Hispanic Heritage Celebration brings culture, food, fun Print E-mail
Thursday, 05 October 2017
Community members representing numerous Hispanic cultures wave their native flags along with the American flag Tuesday at the installation Hispanic Heritage Month Celebration. The event provided the community with the opportunity to learn about different Hispanic countries and territories, while sampling their culture and native foods.
Story and photos by Derek Gean
Assistant editor
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The atmosphere seemed electric as dozens of members of Fort Leonard Wood’s diverse Hispanic -American community waved the flags of their native lands in a parade up to the stage of Nutter Field House Tuesday during the installation’s Hispanic Heritage Month Celebration.

This year’s observance, themed “Hispanics: Serving and Leading our Nation with Pride and Honor,” consisted of a day-long event hosted by 14th Military Police Brigade.

Organizers said they  asked to host this because  they wanted to make it a  celebration.

Fort Leonard Wood Hispanic community members manned booths representing the different countries and territories that make up Latin America. Participants could learn facts and sample native foods. Several community members danced, provided songs and members of the Puerto Rican community performed a special tribute to their homeland in light of the recent hurricane devastation plaguing the island.

Mario Jimenez, an intelligence specialist with the U.S. Attorney’s Office for the Southern District of Illinois, retired Soldier and Puerto Rican native, served as guest speaker for the program.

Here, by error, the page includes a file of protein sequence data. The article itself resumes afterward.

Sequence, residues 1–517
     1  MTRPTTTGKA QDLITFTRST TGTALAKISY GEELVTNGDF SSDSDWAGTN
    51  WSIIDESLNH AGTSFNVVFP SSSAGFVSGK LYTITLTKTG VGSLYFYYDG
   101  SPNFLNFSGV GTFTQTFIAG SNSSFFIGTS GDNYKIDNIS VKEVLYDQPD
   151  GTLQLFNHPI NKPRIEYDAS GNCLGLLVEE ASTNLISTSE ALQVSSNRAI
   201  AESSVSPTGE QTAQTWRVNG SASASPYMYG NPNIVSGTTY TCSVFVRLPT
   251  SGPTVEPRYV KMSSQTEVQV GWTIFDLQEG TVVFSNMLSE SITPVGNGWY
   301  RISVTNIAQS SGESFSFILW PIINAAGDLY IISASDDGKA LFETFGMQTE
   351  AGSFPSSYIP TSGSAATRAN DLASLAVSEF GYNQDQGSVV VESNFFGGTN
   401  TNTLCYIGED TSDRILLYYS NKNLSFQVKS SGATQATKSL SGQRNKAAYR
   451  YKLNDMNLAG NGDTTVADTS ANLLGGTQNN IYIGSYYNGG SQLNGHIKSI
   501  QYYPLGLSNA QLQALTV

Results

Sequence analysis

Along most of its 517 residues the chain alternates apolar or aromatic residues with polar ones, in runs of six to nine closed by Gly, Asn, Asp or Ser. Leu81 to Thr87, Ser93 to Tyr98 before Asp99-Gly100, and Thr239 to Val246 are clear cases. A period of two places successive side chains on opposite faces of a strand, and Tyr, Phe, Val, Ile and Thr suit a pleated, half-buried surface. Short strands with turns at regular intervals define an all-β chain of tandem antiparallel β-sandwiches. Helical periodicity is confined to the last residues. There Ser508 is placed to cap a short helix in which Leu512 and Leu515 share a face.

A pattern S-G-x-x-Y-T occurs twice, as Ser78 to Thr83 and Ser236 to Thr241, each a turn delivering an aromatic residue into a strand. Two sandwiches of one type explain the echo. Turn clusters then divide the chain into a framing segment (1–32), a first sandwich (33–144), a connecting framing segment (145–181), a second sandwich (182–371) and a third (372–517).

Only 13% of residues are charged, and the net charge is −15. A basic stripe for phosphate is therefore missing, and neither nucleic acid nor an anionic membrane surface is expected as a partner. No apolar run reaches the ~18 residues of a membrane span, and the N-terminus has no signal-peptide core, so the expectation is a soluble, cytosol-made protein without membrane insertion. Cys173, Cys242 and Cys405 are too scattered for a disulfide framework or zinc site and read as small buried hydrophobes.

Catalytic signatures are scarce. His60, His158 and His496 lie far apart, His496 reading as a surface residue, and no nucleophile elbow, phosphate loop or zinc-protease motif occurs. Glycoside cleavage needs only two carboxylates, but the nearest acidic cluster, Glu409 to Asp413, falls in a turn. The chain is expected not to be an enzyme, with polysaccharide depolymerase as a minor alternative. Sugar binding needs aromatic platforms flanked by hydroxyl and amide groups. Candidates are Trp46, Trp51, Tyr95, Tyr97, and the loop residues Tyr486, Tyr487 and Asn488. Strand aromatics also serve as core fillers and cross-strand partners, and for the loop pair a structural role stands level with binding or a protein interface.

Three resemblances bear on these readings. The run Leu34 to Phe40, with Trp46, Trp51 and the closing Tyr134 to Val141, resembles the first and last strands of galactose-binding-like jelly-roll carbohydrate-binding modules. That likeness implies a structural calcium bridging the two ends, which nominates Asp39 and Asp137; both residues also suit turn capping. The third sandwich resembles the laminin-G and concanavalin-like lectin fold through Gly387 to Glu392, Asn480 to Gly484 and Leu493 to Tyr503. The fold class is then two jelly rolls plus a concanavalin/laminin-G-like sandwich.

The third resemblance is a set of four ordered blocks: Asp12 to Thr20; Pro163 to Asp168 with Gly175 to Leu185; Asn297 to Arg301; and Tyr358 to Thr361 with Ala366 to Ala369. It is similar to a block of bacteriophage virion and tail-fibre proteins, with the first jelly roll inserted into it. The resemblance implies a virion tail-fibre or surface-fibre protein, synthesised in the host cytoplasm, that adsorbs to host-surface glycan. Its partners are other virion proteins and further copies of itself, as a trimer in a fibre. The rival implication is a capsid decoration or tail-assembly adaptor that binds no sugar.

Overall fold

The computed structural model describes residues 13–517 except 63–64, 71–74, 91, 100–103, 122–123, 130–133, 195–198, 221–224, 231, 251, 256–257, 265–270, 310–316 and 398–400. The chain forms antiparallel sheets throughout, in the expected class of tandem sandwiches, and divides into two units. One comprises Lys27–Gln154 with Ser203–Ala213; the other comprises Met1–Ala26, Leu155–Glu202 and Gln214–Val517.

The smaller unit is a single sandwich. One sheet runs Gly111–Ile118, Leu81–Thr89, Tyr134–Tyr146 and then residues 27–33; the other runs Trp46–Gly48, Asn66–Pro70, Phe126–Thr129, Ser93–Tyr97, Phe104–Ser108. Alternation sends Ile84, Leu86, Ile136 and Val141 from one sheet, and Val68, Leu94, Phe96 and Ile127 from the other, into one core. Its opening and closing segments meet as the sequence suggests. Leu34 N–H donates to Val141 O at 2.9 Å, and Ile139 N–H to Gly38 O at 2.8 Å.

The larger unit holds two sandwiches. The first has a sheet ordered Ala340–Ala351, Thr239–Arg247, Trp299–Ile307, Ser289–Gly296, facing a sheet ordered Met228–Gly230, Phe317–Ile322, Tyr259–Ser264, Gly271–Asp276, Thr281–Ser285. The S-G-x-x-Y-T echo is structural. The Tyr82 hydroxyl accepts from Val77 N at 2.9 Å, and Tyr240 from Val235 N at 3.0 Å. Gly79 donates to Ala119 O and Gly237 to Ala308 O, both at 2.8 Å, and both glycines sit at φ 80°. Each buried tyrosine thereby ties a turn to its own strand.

Jimenez used the platform as an opportunity to encourage Hispanic Americans to honor their heritage and make a  difference in society.

“Making a difference motivates me to go to work every day and every day I make a difference in someone’s life,” Jimenez said.
Members of the Puerto Rican community perform a tribute to their homeland Tuesday.

He told the audience  about how people often mispronounce his name but he encouraged people to maintain the proper pronunciation and insist that people pronounce their name correctly.

“Be proud of your heritage be proud of your name. Do not anglicize it,” Jimenez said.

“Work in your area of influence, try to educate and not irritate.  Stand tall, be proud of who you are and try to educate people,”  he said.

Prior to and following the ceremony, community members could continue learning about different countries and sampling food at their own pace and special performances continued with the Waynesville High  School choir and the 399th Army Band providing  entertainment.
Last Updated ( Wednesday, 18 October 2017 )